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An excerpt from www.HouseOfNames.com archives copyright 2000 - 2017


An ancient Scottish tribe called the Boernicians were the first to use the surname Halder. It is a name for a person who was the elder of two people, bearing the same name. Halder is a nickname surname, which belongs to the category of hereditary surnames. Nicknames form a broad and miscellaneous class of surnames, and can refer directly or indirectly to one's personality, physical attributes, mannerisms, or even their habits of dress. Members of the Halder family were originally found in Edinburghshire, where they had been settled prior to the Norman Conquest of England, in 1066.

Halder Early Origins



The surname Halder was first found in Edinburghshire, a former county, now part of the Midlothian council area where they held a family seat from very ancient times, some say well before the Norman Conquest and the arrival of Duke William at Hastings in 1066 A.D.

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Halder Spelling Variations


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Halder Spelling Variations



Spelling rules only evolved in the last few centuries with the invention of the printing press and the first dictionaries. Spelling variations are extremely common in names from before that period. Halder has been spelled Elder, Elders, Eldar, MacNoravaich and others.

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Halder Early History


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Halder Early History



This web page shows only a small excerpt of our Halder research. Another 147 words (10 lines of text) covering the years 189 and are included under the topic Early Halder History in all our PDF Extended History products and printed products wherever possible.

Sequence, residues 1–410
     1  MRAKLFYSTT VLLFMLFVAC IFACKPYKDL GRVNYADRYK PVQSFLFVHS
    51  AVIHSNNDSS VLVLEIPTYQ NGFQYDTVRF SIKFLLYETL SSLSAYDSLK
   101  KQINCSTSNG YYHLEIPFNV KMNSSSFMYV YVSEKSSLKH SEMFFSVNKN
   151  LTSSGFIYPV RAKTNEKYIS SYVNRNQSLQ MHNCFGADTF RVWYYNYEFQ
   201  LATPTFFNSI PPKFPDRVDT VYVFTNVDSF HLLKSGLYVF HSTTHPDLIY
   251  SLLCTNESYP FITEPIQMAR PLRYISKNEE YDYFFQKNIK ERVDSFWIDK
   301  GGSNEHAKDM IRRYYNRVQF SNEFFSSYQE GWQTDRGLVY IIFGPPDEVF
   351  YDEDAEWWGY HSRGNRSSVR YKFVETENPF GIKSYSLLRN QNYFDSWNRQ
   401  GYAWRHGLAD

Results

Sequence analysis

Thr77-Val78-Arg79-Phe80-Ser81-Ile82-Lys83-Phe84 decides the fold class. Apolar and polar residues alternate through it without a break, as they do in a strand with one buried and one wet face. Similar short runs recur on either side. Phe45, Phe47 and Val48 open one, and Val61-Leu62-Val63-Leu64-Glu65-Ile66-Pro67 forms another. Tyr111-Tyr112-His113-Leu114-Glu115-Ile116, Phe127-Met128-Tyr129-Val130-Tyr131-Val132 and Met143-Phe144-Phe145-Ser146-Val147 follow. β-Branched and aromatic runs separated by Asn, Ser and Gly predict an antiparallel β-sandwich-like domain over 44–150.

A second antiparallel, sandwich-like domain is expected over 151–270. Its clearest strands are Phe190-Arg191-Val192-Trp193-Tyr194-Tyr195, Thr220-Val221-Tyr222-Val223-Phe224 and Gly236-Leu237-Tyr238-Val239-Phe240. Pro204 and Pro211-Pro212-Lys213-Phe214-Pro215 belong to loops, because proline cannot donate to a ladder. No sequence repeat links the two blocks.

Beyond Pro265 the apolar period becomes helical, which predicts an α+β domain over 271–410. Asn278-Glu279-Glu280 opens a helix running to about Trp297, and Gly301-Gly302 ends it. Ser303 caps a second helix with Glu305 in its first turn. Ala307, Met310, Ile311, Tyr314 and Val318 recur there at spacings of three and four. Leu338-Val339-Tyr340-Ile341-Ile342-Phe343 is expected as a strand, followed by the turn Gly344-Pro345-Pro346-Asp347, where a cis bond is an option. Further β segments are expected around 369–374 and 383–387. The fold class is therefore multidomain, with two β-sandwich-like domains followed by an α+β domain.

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Halder Early Notables (pre 1700)


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Halder Early Notables (pre 1700)



More information is included under the topic Early Halder Notables in all our PDF Extended History products and printed products wherever possible.

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Halder In Ireland


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Halder In Ireland



Some of the Halder family moved to Ireland, but this topic is not covered in this excerpt. Another 123 words (9 lines of text) about their life in Ireland is included in all our PDF Extended History products and printed products wherever possible.

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The Great Migration


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The Great Migration



After making their great crossing, many Boernician-Scottish families settled along the east coast of North America. When the War of Independence broke out, United Empire Loyalists moved north to Canada while the rest stayed to fight. The ancestors of many of these Scots still populate the continent. This century, through Clan societies and other Scottish organizations, they began to rediscover their collective national heritage. Analysis of immigration records indicates that some of the first North American immigrants bore the name Halder or a variant listed above:

Halder Settlers in United States in the 18th Century

  • Reynard Halder, who landed in Pennsylvania in 1729 [1]CITATION[CLOSE]
    Filby, P. William, Meyer, Mary K., Passenger and immigration lists index : a guide to published arrival records of about 500,000 passengers who came to the United States and Canada in the seventeenth, eighteenth, and nineteenth centuries. 1982-1985 Cumulated Supplements in Four Volumes Detroit, Mich. : Gale Research Co., 1985, Print (ISBN 0-8103-1795-8)
  • Rich Halder, who arrived in Pennsylvania in 1729 [1]CITATION[CLOSE]
    Filby, P. William, Meyer, Mary K., Passenger and immigration lists index : a guide to published arrival records of about 500,000 passengers who came to the United States and Canada in the seventeenth, eighteenth, and nineteenth centuries. 1982-1985 Cumulated Supplements in Four Volumes Detroit, Mich. : Gale Research Co., 1985, Print (ISBN 0-8103-1795-8)

Halder Settlers in United States in the 19th Century

  • Charles Halder, aged 32, who landed in New York in 1812 [1]CITATION[CLOSE]